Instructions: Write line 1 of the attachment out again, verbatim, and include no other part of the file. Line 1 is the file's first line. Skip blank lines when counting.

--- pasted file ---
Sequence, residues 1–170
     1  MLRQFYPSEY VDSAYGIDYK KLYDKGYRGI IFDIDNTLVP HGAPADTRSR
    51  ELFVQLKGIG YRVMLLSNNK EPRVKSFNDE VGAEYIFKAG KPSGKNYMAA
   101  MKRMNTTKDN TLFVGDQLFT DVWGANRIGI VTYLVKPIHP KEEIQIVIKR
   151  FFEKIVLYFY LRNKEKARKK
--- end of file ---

Sequence, residues 1–170